Thursday, March 19, 2009

Nothing minor about brain injury

New study shows thousands of Ontarians suffer brain injuries each year


TORONTO, March 19 /CNW/ - The death of actress Natasha Richardson has thrown a spotlight on an often invisible injury - brain trauma. "This tragic loss is a terrible reminder to all of us that a brain injury, even a seemingly minor one, can have devastating consequences," says John Kumpf of the Ontario Alliance for Action on Brain Injury.

Traumatic brain injury is a leading cause of death and disability world wide. Traumatic brain injury is more common than breast cancer, HIV AIDS, multiple sclerosis, and spinal cord injury combined. The leading causes of brain injury are falls, being struck by or against an object, or being in a motor vehicle crash.

Media reports indicate that Ms. Richardson took what seemed like a minor fall during a skiing lesson on a beginner slope in Mont Tremblant, Quebec. "As people watched this sad story unfold, they couldn't comprehend how a seemingly minor injury could have such tragic results," Kumpf noted. "But as people who work with brain injury survivors every day, we know that even what appears to be a harmless fall can cause lifelong impairments or death."

A new research report by Dr. Angela Colantonio for the Ontario Neurotrauma Foundation shows that there were 17,482 emergency room visits and/or hospitalizations for traumatic brain injury in Ontario in 2006. In addition, there were over 19,000 hospitalizations and/or emergency room visits due to brain injury from non-traumatic causes. Non-traumatic brain injuries can include vascular problems including aneurysm and malformations, brain tumors, infections such as meningitis, loss of oxygen and other medical complications. Approximately 3,600 hospitalizations ended in death. "These are new and staggering numbers - and we know they're not even capturing the whole picture," says Dr. Angela Colantonio, the lead investigator for the study. She explains that the study does not include injured people seen by family physicians without a visit to hospital, or people who died before receiving hospital care. "Research also indicates data from administrative data sources used in our study may not record all brain injuries" says Dr. Colantonio.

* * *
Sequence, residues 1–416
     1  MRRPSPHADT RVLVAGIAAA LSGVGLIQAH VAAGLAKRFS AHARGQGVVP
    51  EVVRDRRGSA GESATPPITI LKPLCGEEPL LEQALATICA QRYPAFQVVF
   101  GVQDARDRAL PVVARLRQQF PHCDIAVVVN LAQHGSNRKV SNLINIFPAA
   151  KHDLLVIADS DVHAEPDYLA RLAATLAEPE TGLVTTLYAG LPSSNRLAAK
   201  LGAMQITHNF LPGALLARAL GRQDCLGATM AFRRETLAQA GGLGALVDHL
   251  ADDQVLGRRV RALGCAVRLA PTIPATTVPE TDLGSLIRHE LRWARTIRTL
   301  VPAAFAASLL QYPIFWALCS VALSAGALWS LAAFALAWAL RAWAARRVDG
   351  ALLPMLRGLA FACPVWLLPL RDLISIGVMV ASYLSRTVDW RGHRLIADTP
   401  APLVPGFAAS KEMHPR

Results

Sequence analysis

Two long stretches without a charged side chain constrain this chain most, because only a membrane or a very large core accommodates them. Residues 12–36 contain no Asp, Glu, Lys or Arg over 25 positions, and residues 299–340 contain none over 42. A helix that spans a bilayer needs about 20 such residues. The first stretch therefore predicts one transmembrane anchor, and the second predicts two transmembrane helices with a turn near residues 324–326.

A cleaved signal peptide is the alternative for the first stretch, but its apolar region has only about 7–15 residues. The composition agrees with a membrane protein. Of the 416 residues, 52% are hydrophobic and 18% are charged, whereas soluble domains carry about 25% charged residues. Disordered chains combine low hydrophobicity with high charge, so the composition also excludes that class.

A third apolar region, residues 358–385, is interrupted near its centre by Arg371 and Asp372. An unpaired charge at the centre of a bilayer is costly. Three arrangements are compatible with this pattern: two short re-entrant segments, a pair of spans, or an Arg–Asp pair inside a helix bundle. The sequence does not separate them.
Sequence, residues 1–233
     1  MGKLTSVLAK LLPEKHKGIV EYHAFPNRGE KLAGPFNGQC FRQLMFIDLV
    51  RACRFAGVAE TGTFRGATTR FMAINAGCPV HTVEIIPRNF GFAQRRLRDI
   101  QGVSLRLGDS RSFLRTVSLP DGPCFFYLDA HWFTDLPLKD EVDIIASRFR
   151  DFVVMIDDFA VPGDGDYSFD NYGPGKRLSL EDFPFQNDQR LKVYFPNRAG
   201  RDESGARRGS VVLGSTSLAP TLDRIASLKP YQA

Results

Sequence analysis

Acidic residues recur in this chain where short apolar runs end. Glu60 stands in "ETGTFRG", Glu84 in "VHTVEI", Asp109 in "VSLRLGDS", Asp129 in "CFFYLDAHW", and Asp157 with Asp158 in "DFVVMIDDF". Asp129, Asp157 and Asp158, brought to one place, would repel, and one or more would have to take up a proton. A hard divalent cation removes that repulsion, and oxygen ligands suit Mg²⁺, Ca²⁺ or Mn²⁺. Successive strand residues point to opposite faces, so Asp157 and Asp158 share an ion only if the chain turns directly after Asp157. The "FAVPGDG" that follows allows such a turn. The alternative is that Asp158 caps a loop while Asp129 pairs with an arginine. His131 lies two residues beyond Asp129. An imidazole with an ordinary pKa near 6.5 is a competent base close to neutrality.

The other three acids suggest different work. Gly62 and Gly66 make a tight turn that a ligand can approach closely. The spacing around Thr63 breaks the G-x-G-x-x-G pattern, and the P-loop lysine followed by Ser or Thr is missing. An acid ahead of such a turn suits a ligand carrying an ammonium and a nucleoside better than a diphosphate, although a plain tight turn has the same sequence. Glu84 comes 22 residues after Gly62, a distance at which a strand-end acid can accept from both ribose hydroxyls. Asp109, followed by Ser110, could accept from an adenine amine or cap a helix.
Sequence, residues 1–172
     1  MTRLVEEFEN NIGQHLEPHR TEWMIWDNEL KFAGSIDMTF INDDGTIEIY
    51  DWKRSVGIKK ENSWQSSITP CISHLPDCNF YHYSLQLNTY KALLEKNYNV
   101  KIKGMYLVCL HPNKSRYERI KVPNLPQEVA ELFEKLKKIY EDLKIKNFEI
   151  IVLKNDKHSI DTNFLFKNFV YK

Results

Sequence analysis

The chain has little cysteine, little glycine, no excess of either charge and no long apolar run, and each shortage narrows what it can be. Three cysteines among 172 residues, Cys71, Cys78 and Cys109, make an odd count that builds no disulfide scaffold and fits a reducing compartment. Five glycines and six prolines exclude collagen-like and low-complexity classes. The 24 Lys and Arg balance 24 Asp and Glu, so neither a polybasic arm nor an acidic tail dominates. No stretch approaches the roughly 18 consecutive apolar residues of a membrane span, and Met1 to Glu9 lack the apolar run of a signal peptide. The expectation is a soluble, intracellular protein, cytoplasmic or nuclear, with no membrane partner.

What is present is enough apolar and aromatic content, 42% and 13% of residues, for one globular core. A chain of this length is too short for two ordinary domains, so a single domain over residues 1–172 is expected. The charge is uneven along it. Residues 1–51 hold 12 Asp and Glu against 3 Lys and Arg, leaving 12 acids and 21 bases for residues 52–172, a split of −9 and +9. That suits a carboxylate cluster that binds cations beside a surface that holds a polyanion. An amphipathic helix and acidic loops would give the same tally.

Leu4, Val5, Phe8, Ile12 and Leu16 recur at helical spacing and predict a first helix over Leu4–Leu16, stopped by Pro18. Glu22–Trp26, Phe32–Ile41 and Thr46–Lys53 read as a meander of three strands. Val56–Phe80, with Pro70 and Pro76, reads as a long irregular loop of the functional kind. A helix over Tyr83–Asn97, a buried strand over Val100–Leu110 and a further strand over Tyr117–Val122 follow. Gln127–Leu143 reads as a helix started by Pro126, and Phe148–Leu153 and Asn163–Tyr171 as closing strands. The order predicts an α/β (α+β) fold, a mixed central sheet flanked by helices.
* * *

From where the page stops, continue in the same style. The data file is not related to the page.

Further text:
While a vast majority of Ontarians will survive a brain injury, they often lose their lives in other ways. "You can lose the person you used to be: Your memory, your identity, your job, your friends and loved ones - all because of a brain injury," says Kumpf. ABI often results in a complex combination of cognitive, psychosocial, behavioral and physical problems. Even people who sustain "mild" injuries can have long term consequences. And yet, ABI survivors are largely invisible to the general public. "Ontario's health care system does a great job in the immediate aftermath of injury. But once they're released from hospitals and rehab facilities, ABI
survivors are often left on their own," says Kumpf. "But with no comprehensive long term system in place, many ABI survivors fall through the cracks."

About Brain Injury:

An Acquired Brain Injury (ABI) is damage to the brain that occurs after birth as a result of a traumatic or non-traumatic event (not congenital or degenerative). An acquired brain injury that is the result of a traumatic event, such as a blow to the head, is called a Traumatic Brain Injury, or TBI.


The Ontario Alliance for Action on Brain Injury (OAABI) was created by Ontario's experts in brain injury. The Alliance seeks to create public awareness of ABI and to partner with government in the development and implementation of a comprehensive strategy to support brain injury survivors and their families in the community.

1 comment:

jens mom said...

Did you watch the segment on "The Today Show" about TBI's Friday? One woman interviewed reminded me of your situation....